What is a stress echocardiogram (echo)?

An echocardiogram (echo) is a scan that uses ultrasound (sound waves) to produce pictures of the heart. The scan is painless and does not use radioactivity.

During a stress echo we scan your heart before and after the heart rate is raised. This helps doctors to find the cause of the symptoms you experience during physical stress or exercise. We will either perform the test using exercise to raise your heart rate, or we will give you some medication, such as dobutamine, through an injection in your arm.

Dobutamine increases activity in the heart muscles, making your heart beat harder and faster, like when you exercise. The doctor will choose the most appropriate test for you on the day.  The decision is not based on your ability to exercise but rather which test is the most likely to give the doctor the best information related to your condition.

Why do I need this test?

A stress echo helps your doctor understand how your heart copes when it is made to work harder, such as during exercise. It can help to see if symptoms are due to underlying heart disease (such as angina or breathlessness) or assess the severity of established heart disease.

How is the test carried out?

You will be asked to remove your clothes from the waist up, put on a hospital gown and leave it open at the front. We attach special stickers (electrodes) to your chest so that we can monitor your heart.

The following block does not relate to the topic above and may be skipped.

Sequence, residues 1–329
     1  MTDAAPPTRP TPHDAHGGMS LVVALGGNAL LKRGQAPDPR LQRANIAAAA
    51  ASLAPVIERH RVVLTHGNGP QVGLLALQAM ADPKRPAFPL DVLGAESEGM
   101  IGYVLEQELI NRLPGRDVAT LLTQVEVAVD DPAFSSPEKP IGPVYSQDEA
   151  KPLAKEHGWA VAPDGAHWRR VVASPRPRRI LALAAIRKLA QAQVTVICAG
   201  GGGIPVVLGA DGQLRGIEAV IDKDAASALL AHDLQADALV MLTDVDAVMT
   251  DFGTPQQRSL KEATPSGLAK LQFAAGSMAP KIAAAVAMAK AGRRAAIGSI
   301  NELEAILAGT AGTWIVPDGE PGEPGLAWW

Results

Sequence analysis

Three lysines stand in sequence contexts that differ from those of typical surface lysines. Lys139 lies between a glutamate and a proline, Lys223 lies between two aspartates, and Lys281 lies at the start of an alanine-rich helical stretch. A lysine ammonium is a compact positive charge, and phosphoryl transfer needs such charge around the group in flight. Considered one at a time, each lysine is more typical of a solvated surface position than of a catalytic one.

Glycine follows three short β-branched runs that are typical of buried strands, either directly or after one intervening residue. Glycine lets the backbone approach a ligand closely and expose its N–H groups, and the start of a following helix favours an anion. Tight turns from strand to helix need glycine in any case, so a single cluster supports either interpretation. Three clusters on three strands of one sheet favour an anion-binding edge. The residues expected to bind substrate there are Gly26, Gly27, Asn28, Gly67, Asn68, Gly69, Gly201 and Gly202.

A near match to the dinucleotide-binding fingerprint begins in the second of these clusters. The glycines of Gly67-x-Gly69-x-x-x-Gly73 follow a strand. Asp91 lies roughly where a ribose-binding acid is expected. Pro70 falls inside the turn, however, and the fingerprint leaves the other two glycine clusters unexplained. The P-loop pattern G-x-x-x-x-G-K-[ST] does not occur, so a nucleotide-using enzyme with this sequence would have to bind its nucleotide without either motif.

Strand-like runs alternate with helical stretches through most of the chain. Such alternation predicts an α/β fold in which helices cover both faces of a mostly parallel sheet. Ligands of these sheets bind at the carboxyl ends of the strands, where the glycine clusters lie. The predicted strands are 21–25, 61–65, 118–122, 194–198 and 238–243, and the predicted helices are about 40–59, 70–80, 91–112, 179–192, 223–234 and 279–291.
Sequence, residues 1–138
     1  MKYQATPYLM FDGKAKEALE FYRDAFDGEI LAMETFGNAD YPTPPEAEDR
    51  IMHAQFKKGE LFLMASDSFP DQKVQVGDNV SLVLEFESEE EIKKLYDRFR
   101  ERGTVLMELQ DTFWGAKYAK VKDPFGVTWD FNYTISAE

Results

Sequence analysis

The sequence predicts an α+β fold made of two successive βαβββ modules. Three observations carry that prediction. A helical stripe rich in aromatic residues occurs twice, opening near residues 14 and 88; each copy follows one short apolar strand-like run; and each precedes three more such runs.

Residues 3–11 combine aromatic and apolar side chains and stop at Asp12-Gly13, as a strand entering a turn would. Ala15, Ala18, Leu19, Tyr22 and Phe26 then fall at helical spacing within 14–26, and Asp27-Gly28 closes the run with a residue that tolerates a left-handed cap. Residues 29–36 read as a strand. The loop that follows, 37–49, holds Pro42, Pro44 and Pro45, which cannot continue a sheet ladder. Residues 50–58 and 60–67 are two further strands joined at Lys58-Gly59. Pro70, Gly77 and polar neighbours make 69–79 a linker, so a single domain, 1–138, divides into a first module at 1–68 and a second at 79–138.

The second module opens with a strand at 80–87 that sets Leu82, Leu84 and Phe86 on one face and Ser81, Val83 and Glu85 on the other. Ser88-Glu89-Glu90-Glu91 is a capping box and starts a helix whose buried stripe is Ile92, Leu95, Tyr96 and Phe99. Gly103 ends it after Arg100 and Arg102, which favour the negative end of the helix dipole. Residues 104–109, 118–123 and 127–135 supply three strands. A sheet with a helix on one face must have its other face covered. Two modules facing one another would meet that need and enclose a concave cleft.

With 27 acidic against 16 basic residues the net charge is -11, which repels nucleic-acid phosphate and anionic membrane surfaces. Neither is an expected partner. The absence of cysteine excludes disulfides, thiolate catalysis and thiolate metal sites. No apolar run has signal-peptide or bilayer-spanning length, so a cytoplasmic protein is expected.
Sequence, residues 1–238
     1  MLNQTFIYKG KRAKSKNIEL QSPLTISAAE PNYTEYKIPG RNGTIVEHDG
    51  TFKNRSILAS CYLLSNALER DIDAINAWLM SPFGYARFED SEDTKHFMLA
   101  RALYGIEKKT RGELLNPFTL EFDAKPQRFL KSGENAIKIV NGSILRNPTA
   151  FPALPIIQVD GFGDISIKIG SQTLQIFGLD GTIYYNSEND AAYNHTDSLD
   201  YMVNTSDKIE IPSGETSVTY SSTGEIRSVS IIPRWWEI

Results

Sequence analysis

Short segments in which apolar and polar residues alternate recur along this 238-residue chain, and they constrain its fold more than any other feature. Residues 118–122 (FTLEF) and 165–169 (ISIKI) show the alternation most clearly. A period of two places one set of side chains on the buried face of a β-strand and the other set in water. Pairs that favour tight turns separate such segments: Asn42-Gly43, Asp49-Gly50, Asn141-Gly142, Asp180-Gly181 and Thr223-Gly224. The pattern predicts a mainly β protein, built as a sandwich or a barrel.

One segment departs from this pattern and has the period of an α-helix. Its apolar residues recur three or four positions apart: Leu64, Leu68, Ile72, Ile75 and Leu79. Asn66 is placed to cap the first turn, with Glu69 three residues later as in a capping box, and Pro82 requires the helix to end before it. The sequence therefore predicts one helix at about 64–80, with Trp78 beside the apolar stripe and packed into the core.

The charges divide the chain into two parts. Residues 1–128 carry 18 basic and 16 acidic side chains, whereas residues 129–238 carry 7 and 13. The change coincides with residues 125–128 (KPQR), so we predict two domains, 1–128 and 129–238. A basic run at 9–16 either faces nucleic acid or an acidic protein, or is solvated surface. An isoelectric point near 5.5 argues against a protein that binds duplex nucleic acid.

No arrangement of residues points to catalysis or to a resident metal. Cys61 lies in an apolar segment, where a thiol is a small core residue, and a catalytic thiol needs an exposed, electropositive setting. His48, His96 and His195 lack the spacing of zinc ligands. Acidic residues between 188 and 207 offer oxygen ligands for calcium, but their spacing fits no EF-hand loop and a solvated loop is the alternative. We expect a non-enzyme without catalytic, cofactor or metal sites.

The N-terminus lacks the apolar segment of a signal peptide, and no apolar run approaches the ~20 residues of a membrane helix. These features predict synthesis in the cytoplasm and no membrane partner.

The stickers are connected to the echo machine by thin wires.

You will lie on a couch on your left side. A doctor and a physiologist are with you when you have the scan. We take the first echo, called a resting echo while you are on the couch.

After the resting echo, we inject a contrast agent (special liquid) through a small, plastic needle into a vein in your arm, ready for the second echo. The contrast helps to give clear pictures of your heart for your consultant to see on the screen.

You may then be asked to walk on a treadmill or pedal an exercise bike. If the doctor has determined that a dobutamine stress echo is more appropriate for you, we will inject some dobutamine into a vein in your arm instead. This makes your heart work in the same way it does during exercise, beating harder and faster. The doctor will take the second echo when your heart rate is increasing. Your heart rate is monitored during the entire test.

Sometimes the doctor may decide it is better if you have the dobutamine injection, even if you are able to do the exercise. The decision depends on your specific condition and what information your doctor needs from the test.

A stress echo takes about 45-60 minutes to complete.

The test takes place in a room that is darker than usual so we can see the scan pictures on the screen better.

If you have the dobutamine injection during the test:

  • You may notice your heart beating harder and faster, like when you are exercising. You may feel warm.
  • We stop the injection once your heart is working hard enough.
  • We continue to monitor your heart until the effects of the medicine have disappeared. This usually takes only a few minutes.
  • You may feel slightly sick or dizzy from the injection, but this goes away quickly after we stop the injection.